Over the past few years, Malaysia has imposed tight regulations on money transmission, remittances, and other financial operations, effectively complicating international payments and trading of foreign reserve currencies. These regulations have led to a rapid development of the Malaysian bitcoin market increasing demand for the cryptocurrency.
Malaysia has previously had weak and poor Bitcoin infrastructure and shallow bitcoin exchange markets, which made purchasing and selling bitcoin difficult for the general population. However, recently several venture capital-backed bitcoin remittance and payment services providers have debuted in Malaysia, for example, Coin.ph – here branding its branch to Coins.my.
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Rapid Development of Bitcoin Infrastructure in Malaysia
The presence of startups including Coins.my allowed both the local Malaysian population as well as expat workers to send bitcoin payments abroad with ease. Coins.my also enables users to purchase and sell bitcoin using bank ATMs and remittance outlets, and settle utility bills such as rental, electricity and water fees with bitcoin.
Over time, the demand for bitcoin has risen significantly in Malaysia, primarily due to the strict regulatory frameworks established for expat workers and foreign residents. Currently, Malaysia has a program in place called Employees Provident Fund (EPF), which forces local workers to save a portion of their monthly wages into a government-managed account.
In all, Malaysian citizens are required to forfeit nearly 12% of their monthly wages to this fund, which is operated and managed by the local authorities.
Apart from these regulations on wages, the Malaysian government also restricts the trading of the Malaysian ringgit, in hopes to prevent the devaluation of the country’s reserve currency.
On December 2, Bank of Negara Malaysia revealed that it would intervene in the onshore ringgit market, in an attempt to provide higher liquidity of the reserve currency.
“These measures are intended to promote a deeper, more transparent and well-functioning onshore FX market where genuine investors and market participants can effectively manage their market risks with greater flexibility to hedge on the onshore market. A deep and liquid onshore FX market will enable investors to better manage against volatile currency movements,” said the central bank.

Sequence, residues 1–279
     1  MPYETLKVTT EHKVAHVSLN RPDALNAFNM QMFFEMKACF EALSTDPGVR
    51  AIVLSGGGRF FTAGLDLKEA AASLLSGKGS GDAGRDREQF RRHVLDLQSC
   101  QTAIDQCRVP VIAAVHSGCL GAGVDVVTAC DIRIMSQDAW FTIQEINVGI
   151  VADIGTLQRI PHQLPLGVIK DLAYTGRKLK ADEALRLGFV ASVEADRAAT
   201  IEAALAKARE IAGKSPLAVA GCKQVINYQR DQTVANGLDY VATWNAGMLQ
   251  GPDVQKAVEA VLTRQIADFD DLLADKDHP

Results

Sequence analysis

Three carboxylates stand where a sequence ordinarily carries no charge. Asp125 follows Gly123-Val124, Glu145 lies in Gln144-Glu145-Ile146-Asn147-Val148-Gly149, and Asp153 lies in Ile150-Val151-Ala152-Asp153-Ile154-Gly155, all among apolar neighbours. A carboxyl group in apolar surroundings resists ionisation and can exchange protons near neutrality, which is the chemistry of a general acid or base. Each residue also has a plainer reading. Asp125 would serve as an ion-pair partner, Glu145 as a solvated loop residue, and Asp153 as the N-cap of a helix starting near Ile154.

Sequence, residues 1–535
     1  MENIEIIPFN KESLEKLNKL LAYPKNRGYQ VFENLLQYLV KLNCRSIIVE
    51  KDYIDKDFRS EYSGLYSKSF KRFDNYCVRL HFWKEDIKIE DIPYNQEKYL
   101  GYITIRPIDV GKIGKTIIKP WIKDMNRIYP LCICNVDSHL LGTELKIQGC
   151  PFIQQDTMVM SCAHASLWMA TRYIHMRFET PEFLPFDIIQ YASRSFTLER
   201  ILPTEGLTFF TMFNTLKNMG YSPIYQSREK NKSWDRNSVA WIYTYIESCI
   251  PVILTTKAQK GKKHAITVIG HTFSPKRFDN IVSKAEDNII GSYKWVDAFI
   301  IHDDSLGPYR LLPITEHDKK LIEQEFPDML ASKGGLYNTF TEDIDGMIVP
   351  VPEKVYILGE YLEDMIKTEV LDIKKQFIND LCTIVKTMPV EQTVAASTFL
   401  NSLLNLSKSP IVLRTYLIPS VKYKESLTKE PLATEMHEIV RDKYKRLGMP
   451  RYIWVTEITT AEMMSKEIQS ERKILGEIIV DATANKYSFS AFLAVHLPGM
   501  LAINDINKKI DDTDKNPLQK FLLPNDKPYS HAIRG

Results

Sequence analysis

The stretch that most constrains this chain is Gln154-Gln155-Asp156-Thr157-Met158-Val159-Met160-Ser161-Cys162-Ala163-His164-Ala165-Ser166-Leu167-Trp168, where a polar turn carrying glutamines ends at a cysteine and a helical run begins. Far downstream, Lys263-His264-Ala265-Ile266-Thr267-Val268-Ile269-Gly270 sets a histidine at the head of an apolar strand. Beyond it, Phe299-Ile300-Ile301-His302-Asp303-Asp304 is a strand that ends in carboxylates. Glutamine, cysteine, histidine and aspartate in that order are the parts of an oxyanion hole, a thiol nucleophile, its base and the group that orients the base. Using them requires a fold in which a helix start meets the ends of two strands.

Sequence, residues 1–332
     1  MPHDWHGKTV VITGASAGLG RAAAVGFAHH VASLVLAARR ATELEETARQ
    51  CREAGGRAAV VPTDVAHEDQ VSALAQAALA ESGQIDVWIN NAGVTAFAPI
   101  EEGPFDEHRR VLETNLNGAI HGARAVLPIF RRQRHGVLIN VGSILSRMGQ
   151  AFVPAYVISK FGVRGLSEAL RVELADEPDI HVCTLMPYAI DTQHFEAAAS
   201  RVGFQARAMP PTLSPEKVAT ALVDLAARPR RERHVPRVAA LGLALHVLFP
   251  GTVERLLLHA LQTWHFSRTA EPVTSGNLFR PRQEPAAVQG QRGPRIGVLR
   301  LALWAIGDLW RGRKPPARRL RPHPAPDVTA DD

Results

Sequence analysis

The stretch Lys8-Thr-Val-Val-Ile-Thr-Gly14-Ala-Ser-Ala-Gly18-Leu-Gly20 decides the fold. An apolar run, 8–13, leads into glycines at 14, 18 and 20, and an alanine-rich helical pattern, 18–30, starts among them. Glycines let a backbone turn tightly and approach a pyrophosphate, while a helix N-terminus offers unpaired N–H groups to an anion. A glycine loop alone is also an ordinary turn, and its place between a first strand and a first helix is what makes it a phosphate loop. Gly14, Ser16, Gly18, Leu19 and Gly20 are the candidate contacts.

The central bank also announced that exporters and fund managers cannot store more than 25% of foreign currency without specific approval from the bank.
“Resident and non-resident fund managers can now actively manage their FX exposure up to 25% of their invested assets. To qualify for this arrangement, registration with BNM would suffice.”
Rising Demand For Bitcoin
LocalBitcoins, a peer to peer bitcoin trading network, has seen a substantial increase in weekly volume, nearly reaching US$405,000 in the past week.
On the LocalBitcoins two-year weekly trading volume chart, the demand for bitcoin has never been this high since the debut of LocalBitcoins in Malaysia in 2013. The highest peak was around US$200,000 in September when the price of bitcoin was at around US$606.
As the citizens of Malaysia and expat workers become increasingly aware of the seriousness of the country’s capital controls, the demand for safe haven assets like gold or bitcoin will rise in the upcoming months.
Do you think the demand for bitcoin in Malaysia will continue to increase? let us know in the comments below.
Images courtesy of The Business Times